Lenny White, the world’s first dementia-friendly barber, lives in Northern Ireland where, at the time of recording, the date for the reopening of salons and spas had yet to be announced but it will surely be very soon. Before the pandemic hit, Lenny took his skills – and all the trappings of his cut-throat profession – around the UK and as far afield as America and Canada, setting up shop in two care homes in New York and cutting, pampering and wet shaving Auschwitz survivors in Montreal.

Lenny’s customers are all special. All live with disabilities or are vulnerable in some way, and he concentrates his considerable energies and passion on those with dementia. It seems a strange occupation for a man who worked in sales for 20 years. But from a young age Lenny has always enjoyed getting to know people; he was just 17 when he first worked in a care home as a kitchen porter.  Even then he liked to wander into the wards and strike up conversations.

So when, in 2015 he found himself re-evaluating his life after a divorce, he decided to return to the care sector, first as a carer and then as a care home barber. He’d realised that there wasn’t enough to occupy men living there; while many homes boasted women’s hairdressing salons, complete with soft, feminine (usually pink) touches, few if any had barbers.

Lenny completed a barber’s course while still working part-time in sales and started working in Kingsland Nursing Home in Bangor, as both a carer and barber. When he posted some of his pictures and stories online they caught the attention of the Alzheimer’s Society, who suggested that he attend a dementia-friendly course. He duly did, thus officially becoming Lenny the Dementia-Friendly Barber and utilising to great effect his twin skills of caring and grooming – there’s a particular way to cut the hair of people confined to beds and wheelchairs.

Before Covid locked us all down Lenny was visiting well over 50 care homes, as well as hospitals and day care centres, returning every six weeks with his mobile salon, setting up his candy-striped pole, his juke box full of Frank Sinatra and Dean Martin, his old-fashioned posters and paraphernalia, scenting the air with a spritz of cologne and Old Spice aftershave and treating his all-male customers to the full barbering experience.

“Men love getting together with other men and having a bit of a banter”, says Lenny. “Just because someone has dementia it doesn’t mean they have to lose out on things like this, in a sensory environment”.

Lenny’s learnt a lot from people living with dementia, explaining that he meets them, “where they’re at”, slowing himself down and becoming more patient. And he regards it as a privilege to get to know the individuals and their families, sometimes giving head massages and haircuts to men nearing the very end of their lives.

In 2017 Lenny’s inspirational, pioneering work was recognised by the Northern Ireland Alzheimer’s Society when he was honoured for his outstanding contribution at the Dementia Friendly Awards.

For Lenny though, the rewards and support definitely work both ways. “These men are waiting for me and I love looking after them,” he says. “But I don’t think they realise how much they are looking after me; they definitely help me – I’ve found a purpose in looking after them. I just treat them as a friend. Dementia doesn’t even come into it; I just see them for who they are”.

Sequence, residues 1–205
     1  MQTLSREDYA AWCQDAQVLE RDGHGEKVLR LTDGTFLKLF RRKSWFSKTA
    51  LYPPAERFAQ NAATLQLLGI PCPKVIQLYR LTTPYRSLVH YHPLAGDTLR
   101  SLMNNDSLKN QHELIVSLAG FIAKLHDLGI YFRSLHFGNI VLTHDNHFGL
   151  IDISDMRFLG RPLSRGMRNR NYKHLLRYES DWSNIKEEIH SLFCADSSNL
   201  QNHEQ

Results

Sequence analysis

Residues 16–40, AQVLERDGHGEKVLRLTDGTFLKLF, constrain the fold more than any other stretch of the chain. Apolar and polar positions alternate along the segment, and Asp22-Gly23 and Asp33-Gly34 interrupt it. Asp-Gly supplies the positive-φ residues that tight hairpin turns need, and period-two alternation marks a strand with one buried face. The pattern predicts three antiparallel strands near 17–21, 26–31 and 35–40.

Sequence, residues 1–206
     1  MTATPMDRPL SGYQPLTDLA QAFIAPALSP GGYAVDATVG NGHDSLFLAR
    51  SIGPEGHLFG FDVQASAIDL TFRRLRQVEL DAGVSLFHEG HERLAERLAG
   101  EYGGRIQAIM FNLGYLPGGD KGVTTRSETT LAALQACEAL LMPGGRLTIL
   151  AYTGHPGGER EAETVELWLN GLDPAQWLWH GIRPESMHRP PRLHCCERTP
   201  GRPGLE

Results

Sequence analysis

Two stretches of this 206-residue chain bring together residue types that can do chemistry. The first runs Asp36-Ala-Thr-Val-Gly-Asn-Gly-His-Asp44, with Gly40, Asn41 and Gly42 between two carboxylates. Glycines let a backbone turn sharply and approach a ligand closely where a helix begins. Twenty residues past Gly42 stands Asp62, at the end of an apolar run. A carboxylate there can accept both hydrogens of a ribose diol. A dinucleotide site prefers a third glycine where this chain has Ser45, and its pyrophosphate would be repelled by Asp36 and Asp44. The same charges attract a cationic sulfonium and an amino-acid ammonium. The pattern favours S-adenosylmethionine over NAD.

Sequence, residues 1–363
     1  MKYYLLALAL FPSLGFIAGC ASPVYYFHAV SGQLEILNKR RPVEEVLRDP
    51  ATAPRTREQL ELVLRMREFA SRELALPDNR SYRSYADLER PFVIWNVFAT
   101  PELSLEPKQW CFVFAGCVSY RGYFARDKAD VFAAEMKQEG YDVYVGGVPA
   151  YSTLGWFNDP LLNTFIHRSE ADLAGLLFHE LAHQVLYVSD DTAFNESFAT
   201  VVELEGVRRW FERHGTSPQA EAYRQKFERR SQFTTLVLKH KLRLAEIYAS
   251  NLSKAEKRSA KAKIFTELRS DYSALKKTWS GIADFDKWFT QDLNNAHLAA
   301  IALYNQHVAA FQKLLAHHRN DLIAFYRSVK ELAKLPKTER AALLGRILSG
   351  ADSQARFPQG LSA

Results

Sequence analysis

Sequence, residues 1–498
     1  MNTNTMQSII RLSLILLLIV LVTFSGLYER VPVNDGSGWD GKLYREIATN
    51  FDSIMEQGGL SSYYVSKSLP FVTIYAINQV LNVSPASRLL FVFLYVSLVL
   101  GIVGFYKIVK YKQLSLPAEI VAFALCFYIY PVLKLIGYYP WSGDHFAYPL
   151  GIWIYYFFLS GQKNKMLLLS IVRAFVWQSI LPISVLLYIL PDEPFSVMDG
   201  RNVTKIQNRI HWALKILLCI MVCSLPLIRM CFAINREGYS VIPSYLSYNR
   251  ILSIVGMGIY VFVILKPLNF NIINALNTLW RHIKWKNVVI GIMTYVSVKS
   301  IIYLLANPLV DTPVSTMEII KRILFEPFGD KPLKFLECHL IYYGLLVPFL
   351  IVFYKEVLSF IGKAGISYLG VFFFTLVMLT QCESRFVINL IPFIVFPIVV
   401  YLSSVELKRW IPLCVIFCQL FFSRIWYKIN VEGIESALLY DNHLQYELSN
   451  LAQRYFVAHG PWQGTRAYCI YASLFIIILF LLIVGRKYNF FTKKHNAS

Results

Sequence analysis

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Rosanne’s Story

You can listen to this week’s and every Well I Know Now podcast by clicking any of the following: AppleiTunesAcastSpotifyGooglePodtail or Castbox.

Rosanne Corcoran is a carer – or to use her American word, a caregiver.  She is also a daughter, wife, mother and podcaster.  This week she spoke to me from her home in Philadelphia, USA .   Her dad died when she was 16 and she’s very close to her 92-year-old mum. 

For the past 12 years, since her mum was diagnosed with, first mild cognitive impairment and then Alzheimer’s, Rosanne has been her main carer, and in 2015 her mum moved in with her and her family.  Before she had to give it up, her career was in real estate. 

To put it bluntly, in her own words, she is a full-time, sandwich-generation dementia caregiver and she’s exhausted.    And that was before Covid struck;   before she lost the caregiver who came in for four hours a day so she could run errands;  before her younger daughter’s high school closed. 

For months now Rosanne has barely left the house; when she does she hurries home for fear of bringing the virus back with her.  She doesn’t think her mum Rose, who needs help with all her everyday needs, would survive were she to catch it.

Last November, Rosanne wrote an open letter “To Dementia” for Next Avenue, an influential US website on ageing.  In it she describes how the disease has taken a beautiful, independent, light of a woman and turned her into someone whose world has been shrunken to one room.   

“I am consumed with worry and fear and guilt and sadness and anger over watching my mother slip away, all the while trying to stay involved in my children’s lives,” she writes. 

Yet Rosanne still manages to be upbeat.  “At least my children learn about what’s important in life; at least my mother knows she is loved; at least we have dinner together; at least we can laugh”. 

Like me, she’s found a creative outlet in writing and podcasting.  Each month she writes, records, edits and produces Daughterhood the Podcast on the Whole Care Network: where her guests have ranged from Teepa Snow, one of the world’s leading educators on dementia care to our own Tommy Dunne, a Liverpudlian who was diagnosed with Alzheimer’s at the age of 58.

Speaking to Rosanne about her roles as carer, mother and podcast host was a delight.   She’s warm, honest, knowledgeable and – despite her mum’s sleep patterns ensuring she rarely gets to bed before the sun comes up (the day we spoke it was 3.15am) – fluent and charming.   But why take my word for it?  Tune in to any of the podcast platforms above to hear her fabulous mid-Atlantic voice.